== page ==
Last month, I helped coordinate a BCS London seminar about the role of IT in the airport and air travel industry, and as you might imagine it proved a very popular topic, complete with sold out venue and 4 expert IT practitioners from one of the world’s busiest hub airport. Read on for highlights…
- Airport Operations – Heathrow operates 98% runway capacity which roughly translates to a take-off or landing event occurring every 45 seconds, thereby making it one of the most efficient 2 runway airports in the world. Speaker, Brent Reed (Airport Ops Lead Designer), described how Heathrow introduced a world’s first Time Based Seperation (TBS) system to further maintain / improve on this efficiency, particularly on windy days – every second counts!
- The Automated Passenger Journey – Heathrow is actively implementing the IATA Fast Travel Program strategy which aims to provide 80% of global passengers with a complete and relevant self-service suite by 2020. According to Capgemini’s Don Grose (Lead Solution Architect), this program will deliver multiple benefits for: passengers, airlines and airports, and Heathrow has already delivered or trialled several self service capabilities, including: Self Boarding, Automatic Ticket Presentation and Kiosk self service bag tags, Self Service Bag Drop trials, as well as biometric enrolment & verification.
- Shadow IT at Heathrow – Andrew Isenman (Passenger Experience Design Lead), described how Heathrow employees are starting to engage their colleagues and digitally enabled passengers in different ways, sometimes even bypassing the IT departments. As a result, the latter have proactively started encouraging and shaping how this engagement happens, at the same time they’re addressing the usual questions around: support provision, reduced Total-Cost-of-Ownership (TCO), increased security and minimal technical debt.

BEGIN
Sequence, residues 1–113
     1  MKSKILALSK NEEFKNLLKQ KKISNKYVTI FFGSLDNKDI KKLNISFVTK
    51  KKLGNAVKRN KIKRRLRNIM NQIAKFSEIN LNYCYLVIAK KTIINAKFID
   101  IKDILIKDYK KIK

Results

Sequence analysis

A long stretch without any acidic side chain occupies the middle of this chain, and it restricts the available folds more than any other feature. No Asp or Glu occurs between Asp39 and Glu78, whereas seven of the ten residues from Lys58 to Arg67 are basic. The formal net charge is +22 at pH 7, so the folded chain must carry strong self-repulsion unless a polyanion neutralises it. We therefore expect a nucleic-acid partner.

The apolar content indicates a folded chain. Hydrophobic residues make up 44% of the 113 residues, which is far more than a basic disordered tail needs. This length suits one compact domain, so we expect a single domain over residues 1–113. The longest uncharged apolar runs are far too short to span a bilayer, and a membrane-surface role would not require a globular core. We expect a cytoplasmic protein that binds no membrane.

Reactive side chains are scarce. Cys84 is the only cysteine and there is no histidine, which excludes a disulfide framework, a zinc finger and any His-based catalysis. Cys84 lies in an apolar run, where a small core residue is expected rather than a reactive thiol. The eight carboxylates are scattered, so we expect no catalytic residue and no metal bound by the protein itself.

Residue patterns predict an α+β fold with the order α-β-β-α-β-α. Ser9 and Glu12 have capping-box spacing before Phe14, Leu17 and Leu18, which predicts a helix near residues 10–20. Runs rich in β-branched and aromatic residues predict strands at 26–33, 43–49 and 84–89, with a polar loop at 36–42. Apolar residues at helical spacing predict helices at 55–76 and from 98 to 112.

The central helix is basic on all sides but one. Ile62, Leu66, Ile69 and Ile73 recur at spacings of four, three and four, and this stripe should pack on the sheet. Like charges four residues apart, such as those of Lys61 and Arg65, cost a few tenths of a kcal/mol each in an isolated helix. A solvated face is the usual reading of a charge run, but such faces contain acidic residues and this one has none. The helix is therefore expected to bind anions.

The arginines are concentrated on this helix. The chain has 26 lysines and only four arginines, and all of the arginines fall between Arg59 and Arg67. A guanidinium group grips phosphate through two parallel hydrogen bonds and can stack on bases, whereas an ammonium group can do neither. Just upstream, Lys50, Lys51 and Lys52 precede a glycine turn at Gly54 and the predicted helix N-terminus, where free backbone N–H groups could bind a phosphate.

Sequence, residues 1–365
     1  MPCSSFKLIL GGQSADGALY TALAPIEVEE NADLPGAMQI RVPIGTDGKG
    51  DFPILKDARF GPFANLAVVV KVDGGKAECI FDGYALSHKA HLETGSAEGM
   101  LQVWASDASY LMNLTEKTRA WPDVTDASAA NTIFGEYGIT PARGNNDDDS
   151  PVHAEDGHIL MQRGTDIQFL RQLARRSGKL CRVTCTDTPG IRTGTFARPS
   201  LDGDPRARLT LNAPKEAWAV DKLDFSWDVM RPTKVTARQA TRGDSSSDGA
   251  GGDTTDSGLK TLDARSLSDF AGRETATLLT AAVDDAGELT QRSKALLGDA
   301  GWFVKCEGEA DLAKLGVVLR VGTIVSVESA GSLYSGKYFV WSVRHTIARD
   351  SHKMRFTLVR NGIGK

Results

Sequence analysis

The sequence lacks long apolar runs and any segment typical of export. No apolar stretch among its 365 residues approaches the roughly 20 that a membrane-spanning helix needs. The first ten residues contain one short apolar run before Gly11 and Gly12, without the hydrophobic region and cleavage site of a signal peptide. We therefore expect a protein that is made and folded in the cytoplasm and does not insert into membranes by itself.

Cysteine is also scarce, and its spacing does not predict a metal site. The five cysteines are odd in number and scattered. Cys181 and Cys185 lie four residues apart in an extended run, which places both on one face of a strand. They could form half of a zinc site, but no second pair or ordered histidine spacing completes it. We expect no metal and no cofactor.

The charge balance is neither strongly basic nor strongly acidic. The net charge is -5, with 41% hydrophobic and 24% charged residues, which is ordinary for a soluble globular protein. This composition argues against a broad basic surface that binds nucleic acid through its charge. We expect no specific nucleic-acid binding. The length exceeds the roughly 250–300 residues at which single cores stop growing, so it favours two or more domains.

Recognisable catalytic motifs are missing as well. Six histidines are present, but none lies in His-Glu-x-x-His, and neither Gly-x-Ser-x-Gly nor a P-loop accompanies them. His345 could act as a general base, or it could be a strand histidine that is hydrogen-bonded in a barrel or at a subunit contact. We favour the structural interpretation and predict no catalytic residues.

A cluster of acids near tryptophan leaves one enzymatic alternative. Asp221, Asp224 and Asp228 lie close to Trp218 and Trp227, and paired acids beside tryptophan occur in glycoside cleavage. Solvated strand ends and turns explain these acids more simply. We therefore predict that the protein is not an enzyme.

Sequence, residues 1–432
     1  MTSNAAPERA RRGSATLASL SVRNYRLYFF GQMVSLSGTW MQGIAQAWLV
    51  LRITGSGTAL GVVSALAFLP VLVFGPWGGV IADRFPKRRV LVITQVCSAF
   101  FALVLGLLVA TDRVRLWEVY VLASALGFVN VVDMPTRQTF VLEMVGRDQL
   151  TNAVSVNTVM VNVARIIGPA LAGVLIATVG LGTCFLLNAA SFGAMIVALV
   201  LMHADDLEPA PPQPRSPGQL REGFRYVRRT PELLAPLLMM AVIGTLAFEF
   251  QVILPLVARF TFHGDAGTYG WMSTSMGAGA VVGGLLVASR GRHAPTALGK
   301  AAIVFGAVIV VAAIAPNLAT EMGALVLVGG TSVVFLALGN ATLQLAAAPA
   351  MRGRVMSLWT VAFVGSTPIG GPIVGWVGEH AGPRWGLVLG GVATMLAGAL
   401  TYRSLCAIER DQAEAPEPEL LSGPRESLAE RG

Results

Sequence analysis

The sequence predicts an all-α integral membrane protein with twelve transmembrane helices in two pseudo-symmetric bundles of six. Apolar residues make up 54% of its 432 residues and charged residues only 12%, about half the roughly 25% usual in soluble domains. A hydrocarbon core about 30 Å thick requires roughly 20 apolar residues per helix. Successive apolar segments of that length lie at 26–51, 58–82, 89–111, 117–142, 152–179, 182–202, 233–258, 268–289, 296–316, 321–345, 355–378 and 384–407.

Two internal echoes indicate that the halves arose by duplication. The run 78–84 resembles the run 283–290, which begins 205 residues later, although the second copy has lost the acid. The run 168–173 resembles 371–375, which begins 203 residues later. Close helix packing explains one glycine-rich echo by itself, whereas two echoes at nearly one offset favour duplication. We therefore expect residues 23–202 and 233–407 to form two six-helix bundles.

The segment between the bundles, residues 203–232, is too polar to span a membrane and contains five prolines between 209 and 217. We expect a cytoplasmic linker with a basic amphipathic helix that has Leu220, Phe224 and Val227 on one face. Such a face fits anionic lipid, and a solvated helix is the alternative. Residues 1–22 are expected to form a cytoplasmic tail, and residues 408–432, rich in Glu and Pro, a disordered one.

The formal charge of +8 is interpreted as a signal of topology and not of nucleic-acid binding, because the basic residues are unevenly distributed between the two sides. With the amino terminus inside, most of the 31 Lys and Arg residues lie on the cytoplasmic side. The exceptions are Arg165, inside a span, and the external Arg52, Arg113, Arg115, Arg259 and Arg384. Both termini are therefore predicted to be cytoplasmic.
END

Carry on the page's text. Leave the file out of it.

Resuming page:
- Airport Innovation – Heathrow has embraced the drive for innovation with various initiatives, some of which were presented by Richard Harding, (Head of strategy and innovation at Heathrow). They included: the Heathrow innovation Process, Crowd dynamics (detecting / measuring / alerting via CCTV), WiFi digital finger printing, Airfield Asset inspection, Mobile Display units and treasure hunts. Key insights gleaned from Heathrow innovation highlight the need for: open innovation, active promotion, new governance processes, skills enablement and innovative culture / process metrics.
I was very fortunate to participate in Capgemini’s recent Business Priority Week (BPW), alongside over 300 attendees from 22 countries, at the beautiful Les Fontaines retreat. The focus of the week was a new global service line called Digital Customer Experience (DCX), and we (from various business units, disciplines and competencies) were set a challenge to explore and articulate how we’ll work together to deliver this promise for clients.
Being the clever people that architects are sometimes rumoured to be, the immediate response is directly related their role in a rapidly accelerating digital world. However, as an architect, I fear our time may be coming to an end unless we embrace the need to evolve the practice of architecture into something that clearly defines, assures and guides the digital customer experience for our organisation and our clients (incl. their customers / end-users). In order to do this properly, we must undertake an architectural journey to understand the context and key issues before deciding on the most appropriate response. Key questions to ask and answer include: